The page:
* * *

Thus he dwells contemplating (the nature of) the body in the body in regard to himself, or he dwells contemplating (the nature of) the body in the body in regard to others, or he dwells contemplating (the nature of) the body in the body in regard to himself and in regard to others, or he dwells contemplating the nature of origination in the body, or he dwells contemplating the nature of dissolution in the body, or he dwells contemplating the nature of origination and dissolution in the body, or else mindfulness that “there is a body” is established in him just as far as (is necessary for) a full measure of knowledge and a full measure of mindfulness, and he dwells independent, and without being attached to anything in the world.

In this way, monks, a monk dwells contemplating (the nature of) the body in the body.

(The Sixth Charnel Ground)

 

The Seventh Charnel Ground

Moreover, monks, it's as if a monk might see a body thrown into a charnel ground, having white bones, like the colour of a conch. He then compares it with his very own body (thinking):

“This body also has such a nature, has such a constitution, has not gone beyond this.”

* * *

Thus he dwells contemplating (the nature of) the body in the body in regard to himself, or he dwells contemplating (the nature of) the body in the body in regard to others, or he dwells contemplating (the nature of) the body in the body in regard to himself and in regard to others, or he dwells contemplating the nature of origination in the body, or he dwells contemplating the nature of dissolution in the body, or he dwells contemplating the nature of origination and dissolution in the body, or else mindfulness that “there is a body” is established in him just as far as (is necessary for) a full measure of knowledge and a full measure of mindfulness, and he dwells independent, and without being attached to anything in the world.

In this way, monks, a monk dwells contemplating (the nature of) the body in the body.

(The Seventh Charnel Ground)

 

The Eighth Charnel Ground

Moreover, monks, it's as if a monk might see a body thrown into a charnel ground, a heap of bones more than a year old. He then compares it with his very own body (thinking):

“This body also has such a nature, has such a constitution, has not gone beyond this.”

* * *

Thus he dwells contemplating (the nature of) the body in the body in regard to himself, or he dwells contemplating (the nature of) the body in the body in regard to others, or he dwells contemplating (the nature of) the body in the body in regard to himself and in regard to others, or he dwells contemplating the nature of origination in the body, or he dwells contemplating the nature of dissolution in the body, or he dwells contemplating the nature of origination and dissolution in the body, or else mindfulness that “there is a body” is established in him just as far as (is necessary for) a full measure of knowledge and a full measure of mindfulness, and he dwells independent, and without being attached to anything in the world.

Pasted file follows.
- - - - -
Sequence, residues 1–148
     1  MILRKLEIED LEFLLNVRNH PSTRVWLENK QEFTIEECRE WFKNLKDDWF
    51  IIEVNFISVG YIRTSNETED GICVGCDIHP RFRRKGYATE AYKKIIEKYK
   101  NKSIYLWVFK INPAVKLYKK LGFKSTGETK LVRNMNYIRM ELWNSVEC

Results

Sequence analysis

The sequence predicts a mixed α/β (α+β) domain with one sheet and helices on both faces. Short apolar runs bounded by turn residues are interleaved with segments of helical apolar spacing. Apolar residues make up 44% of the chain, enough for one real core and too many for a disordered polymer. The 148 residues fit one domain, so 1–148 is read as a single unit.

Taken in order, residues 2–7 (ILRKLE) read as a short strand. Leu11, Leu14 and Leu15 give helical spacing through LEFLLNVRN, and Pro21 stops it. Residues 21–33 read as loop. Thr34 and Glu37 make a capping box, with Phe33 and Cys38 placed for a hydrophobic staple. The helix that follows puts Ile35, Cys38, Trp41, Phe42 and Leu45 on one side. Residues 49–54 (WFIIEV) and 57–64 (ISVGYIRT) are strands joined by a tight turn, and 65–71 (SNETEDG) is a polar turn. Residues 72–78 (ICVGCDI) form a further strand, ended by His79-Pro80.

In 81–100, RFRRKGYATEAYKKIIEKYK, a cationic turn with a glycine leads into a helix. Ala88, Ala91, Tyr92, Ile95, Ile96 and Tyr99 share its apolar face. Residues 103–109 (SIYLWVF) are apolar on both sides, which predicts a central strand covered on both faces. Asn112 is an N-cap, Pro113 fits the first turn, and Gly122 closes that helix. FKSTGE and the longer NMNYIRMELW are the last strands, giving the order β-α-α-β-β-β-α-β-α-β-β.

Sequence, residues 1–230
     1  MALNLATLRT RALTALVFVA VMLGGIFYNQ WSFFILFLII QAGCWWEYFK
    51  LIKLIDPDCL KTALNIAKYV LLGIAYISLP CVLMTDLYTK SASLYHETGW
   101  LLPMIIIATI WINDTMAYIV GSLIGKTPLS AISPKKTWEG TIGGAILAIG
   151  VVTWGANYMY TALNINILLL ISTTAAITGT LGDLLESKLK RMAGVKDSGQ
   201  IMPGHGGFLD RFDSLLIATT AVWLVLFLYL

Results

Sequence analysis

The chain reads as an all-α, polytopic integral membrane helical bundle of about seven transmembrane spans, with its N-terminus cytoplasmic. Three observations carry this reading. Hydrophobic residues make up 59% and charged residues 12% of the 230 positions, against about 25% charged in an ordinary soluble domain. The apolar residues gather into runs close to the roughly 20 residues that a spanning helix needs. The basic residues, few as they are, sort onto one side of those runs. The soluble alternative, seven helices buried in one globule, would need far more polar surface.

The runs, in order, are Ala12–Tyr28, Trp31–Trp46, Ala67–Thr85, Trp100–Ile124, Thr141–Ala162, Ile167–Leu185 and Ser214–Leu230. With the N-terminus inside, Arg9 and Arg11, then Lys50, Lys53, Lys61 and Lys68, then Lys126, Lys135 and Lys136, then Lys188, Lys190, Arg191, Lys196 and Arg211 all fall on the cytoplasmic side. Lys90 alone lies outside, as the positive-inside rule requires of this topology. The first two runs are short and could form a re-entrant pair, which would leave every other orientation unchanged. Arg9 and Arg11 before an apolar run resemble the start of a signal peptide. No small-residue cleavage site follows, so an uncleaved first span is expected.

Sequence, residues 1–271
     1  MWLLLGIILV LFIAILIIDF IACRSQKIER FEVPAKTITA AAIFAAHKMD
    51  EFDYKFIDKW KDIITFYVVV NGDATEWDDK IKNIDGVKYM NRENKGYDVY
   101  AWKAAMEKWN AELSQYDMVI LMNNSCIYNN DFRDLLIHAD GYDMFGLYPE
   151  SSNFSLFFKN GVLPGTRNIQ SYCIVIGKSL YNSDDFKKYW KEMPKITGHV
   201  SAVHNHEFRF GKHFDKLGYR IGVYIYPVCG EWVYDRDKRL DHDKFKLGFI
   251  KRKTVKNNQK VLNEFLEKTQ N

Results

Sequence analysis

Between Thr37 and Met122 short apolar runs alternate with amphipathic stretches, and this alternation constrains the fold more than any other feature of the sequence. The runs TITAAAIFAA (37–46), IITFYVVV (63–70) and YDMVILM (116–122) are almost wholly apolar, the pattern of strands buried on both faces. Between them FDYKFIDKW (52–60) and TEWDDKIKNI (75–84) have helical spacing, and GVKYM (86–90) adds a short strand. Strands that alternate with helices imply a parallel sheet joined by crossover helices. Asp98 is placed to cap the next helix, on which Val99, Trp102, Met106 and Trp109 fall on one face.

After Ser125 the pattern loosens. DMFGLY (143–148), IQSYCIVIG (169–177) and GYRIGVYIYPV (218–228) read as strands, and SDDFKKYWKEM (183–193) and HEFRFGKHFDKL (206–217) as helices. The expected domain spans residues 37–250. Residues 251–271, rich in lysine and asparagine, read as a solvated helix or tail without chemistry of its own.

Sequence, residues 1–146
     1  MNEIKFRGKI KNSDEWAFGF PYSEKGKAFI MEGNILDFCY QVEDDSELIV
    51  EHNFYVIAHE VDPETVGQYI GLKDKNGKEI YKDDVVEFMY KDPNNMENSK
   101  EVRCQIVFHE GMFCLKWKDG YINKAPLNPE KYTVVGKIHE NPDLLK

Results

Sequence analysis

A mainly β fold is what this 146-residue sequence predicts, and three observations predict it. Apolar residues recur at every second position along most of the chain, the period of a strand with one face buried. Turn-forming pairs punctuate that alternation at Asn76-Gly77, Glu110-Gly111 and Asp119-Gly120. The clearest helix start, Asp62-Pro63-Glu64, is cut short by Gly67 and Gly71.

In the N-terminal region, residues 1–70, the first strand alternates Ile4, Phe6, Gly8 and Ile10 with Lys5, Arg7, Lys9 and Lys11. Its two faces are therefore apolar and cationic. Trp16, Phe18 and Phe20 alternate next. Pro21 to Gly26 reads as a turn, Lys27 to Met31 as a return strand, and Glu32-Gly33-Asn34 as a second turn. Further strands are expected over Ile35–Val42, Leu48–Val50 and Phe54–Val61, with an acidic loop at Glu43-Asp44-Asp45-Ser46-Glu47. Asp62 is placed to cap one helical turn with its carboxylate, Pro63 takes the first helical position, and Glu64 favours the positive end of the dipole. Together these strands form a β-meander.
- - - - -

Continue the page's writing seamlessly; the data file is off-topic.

In this way, monks, a monk dwells contemplating (the nature of) the body in the body.

(The Eighth Charnel Ground)

 

The Ninth Charnel Ground

Moreover, monks, it's as if a monk might see a body thrown into a charnel ground, rotten bones that have become like powder. He then compares it with his very own body (thinking):

“This body also has such a nature, has such a constitution, has not gone beyond this.”

* * *

Thus he dwells contemplating (the nature of) the body in the body in regard to himself, or he dwells contemplating (the nature of) the body in the body in regard to others, or he dwells contemplating (the nature of) the body in the body in regard to himself and in regard to others, or he dwells contemplating the nature of origination in the body, or he dwells contemplating the nature of dissolution in the body, or he dwells contemplating the nature of origination and dissolution in the body, or else mindfulness that “there is a body” is established in him just as far as (is necessary for) a full measure of knowledge and a full measure of mindfulness, and he dwells independent, and without being attached to anything in the world.

In this way, monks, a monk dwells contemplating (the nature of) the body in the body.

(The Ninth Charnel Ground)

The Fourteen Contemplations of the Body are Finished